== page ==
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Cartesian to Spherical co-ordinates (x,y,z) = (∞,∞,∞) | φ,θ are different.

  1. Jun 10, 2012 #1
    (This is NOT homework) just my personal interpretation,

    because these are the formulas as you already know:

    r = √(x^2 + y^2 + z^2)
    φ = arctan(y/x)
    θ = arccos(z/r)

    using (x,y,z) = (∞,∞,∞)

    I come across a bit of a sinister problem:

    r = √(∞^+∞^+∞^) = √(3∞^2)

    which is right because if we just said that ∞ was x, then it would be:

    x^2 + x^2 + x^2 = 3x^2 right? (just the small proof)

    that means that (using surd rules)

    √(3∞^2) = √3 x √∞^2 = ∞x√3 = ∞√3

    r = ∞√3
    φ = arctan(∞/∞) = arctan(1) = 45° or ∏/4 radians.
    θ = arccos(∞/∞√3) <---- (z / r) ||| arccos(∞/∞√3) = arccos(1/√3) - because can I please say that we shouldn't forget that the ∞'s cancel out(???) so:

    θ = 54.73561032° <--- This is what I don't understand, why is it that if you use x,y,z as infinity, why is the angle of θ NOT 60°? (I assume it's because r is in equidistance from x,y,z as they are all infinity, and φ is 45°, it shows r is equidistant from x and y) -

    ^ That is my thesis, I don't know why θ doesn't equal φ if all the lengths are equal, (again because r is equidistant from the line x, line y and line z) they SHOULD be the same no? (again, I assume it's because of the 1/√3 - but there is 3 infinities (to find out r) so it should be √3∞^2 no?)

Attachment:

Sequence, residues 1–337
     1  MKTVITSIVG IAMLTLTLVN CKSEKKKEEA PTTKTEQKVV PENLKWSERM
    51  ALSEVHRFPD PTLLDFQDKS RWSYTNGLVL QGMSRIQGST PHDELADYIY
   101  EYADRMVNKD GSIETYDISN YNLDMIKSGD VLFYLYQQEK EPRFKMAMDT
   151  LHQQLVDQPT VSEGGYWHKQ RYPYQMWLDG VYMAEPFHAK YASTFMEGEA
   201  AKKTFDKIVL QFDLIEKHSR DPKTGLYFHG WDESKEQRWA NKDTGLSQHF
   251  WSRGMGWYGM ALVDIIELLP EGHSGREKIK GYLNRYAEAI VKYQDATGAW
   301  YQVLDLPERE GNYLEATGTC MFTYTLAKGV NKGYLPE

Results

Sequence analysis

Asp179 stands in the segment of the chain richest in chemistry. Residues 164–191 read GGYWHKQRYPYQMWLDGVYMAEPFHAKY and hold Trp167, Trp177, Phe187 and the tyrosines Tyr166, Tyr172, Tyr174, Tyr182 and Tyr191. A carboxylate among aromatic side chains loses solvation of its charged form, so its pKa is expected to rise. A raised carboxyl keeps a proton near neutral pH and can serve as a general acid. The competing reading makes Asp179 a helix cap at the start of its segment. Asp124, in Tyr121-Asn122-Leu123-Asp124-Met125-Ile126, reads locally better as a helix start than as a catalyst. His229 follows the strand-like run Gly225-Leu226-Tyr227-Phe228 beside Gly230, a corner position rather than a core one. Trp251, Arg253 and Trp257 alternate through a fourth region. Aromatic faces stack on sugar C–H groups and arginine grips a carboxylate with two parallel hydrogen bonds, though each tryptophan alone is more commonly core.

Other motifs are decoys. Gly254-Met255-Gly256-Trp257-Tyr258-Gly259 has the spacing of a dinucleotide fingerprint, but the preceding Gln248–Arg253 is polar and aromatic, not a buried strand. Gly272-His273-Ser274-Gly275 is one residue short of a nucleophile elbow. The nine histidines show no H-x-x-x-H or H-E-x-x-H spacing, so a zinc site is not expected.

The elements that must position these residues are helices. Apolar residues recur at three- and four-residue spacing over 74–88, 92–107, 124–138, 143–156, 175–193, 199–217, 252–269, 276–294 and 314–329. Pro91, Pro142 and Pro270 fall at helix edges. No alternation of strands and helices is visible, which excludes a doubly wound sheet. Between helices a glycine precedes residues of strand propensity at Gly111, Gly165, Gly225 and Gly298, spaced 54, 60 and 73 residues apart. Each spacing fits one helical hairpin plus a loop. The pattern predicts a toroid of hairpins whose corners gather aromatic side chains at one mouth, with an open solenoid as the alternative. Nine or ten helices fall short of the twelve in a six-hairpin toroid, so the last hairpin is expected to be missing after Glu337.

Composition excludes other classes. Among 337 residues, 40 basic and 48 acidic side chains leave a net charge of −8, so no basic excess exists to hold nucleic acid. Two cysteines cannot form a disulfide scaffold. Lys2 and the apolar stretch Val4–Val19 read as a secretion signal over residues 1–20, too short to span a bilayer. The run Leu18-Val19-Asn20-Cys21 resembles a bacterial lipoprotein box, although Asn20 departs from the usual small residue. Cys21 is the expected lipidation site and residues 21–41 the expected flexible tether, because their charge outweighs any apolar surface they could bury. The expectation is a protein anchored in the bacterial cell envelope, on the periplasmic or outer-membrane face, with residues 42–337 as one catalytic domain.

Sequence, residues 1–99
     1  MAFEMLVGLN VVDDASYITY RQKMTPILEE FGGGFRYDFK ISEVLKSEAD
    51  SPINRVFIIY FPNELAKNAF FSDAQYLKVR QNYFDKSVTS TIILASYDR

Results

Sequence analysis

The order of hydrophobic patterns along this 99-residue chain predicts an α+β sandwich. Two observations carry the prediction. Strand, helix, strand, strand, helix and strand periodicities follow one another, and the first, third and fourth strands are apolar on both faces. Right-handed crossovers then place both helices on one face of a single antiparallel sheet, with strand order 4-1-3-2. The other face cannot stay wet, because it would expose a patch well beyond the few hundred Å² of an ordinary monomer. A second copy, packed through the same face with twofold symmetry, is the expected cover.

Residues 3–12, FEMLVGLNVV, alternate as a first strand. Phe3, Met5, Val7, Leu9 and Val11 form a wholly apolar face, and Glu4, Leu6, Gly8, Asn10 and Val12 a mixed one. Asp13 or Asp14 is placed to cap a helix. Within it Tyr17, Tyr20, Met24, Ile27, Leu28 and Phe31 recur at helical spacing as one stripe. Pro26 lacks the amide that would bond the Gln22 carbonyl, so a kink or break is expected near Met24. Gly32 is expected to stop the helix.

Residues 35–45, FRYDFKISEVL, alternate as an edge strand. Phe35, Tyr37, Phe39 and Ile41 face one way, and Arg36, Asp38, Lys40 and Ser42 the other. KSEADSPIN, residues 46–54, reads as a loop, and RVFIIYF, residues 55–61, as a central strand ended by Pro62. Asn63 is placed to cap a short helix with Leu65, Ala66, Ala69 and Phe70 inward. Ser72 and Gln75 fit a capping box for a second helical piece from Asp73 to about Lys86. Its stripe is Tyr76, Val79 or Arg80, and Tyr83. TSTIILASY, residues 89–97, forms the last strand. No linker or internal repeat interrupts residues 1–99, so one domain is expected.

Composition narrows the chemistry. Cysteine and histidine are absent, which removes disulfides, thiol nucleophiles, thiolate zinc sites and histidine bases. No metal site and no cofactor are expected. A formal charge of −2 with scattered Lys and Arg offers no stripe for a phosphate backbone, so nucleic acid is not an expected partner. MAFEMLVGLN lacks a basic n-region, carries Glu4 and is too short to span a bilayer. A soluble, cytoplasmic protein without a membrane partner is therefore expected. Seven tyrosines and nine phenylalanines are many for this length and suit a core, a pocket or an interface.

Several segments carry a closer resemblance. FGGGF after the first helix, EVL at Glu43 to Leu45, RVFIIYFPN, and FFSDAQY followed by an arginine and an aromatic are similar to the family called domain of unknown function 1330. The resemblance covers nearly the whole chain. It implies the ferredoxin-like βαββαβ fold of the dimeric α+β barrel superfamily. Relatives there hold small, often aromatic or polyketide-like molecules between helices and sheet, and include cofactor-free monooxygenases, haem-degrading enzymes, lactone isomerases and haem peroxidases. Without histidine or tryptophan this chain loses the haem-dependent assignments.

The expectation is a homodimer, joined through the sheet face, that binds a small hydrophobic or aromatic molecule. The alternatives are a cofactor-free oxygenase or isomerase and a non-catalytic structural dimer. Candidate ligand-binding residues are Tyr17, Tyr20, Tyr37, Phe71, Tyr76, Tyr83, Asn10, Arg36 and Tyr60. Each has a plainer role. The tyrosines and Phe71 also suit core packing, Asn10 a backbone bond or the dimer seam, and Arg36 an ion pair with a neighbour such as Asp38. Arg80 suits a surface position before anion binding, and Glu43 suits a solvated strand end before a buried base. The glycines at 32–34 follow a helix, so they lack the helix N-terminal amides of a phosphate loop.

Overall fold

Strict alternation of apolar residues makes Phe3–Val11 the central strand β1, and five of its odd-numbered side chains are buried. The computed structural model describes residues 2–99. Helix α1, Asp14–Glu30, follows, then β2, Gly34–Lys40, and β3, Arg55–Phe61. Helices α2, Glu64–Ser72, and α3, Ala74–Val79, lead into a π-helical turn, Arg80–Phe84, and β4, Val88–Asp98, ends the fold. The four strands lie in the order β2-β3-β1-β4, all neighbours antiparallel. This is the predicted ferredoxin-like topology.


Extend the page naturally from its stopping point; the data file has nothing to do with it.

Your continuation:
Thank's for reading, I was just reading through the spherical co-ordinate theories and formulas, it's not homework, it's actually something I thought other people would want to see.

    Thanks for reading.

    Oh, -.-, I think I forgot that Phi is the angle with respect to r in the x and y axis, I think when I said about the equidistance, then I think I forgot that, "respect to r in the x and y axis" - I think I used it so that its the angle from the x axis and r which of course would have to implement a 'z' which ofcouse phi is only the x/y plane angle, sorry.
    Last edited: Jun 10, 2012
  2. jcsd
  3. Jun 10, 2012 #2
    Didiving and multiplying infinities isn't generally defined this way, unfortunately.
  4. Jun 10, 2012 #3
    How comes? I thought x,y,z could be any values? - including infinity?

    how would you generalise working with infinity in spherical co-ordinates?
  5. Jun 10, 2012 #4
    Infinity is not a real number. If you work with infinity like real numbers, you'll end up with odd situations such as 2 = 1.

    Here on PF there is a thread about it.
    https://www.physicsforums.com/showthread.php?t=507003 [Broken]
    Last edited by a moderator: May 6, 2017
  6. Jun 10, 2012 #5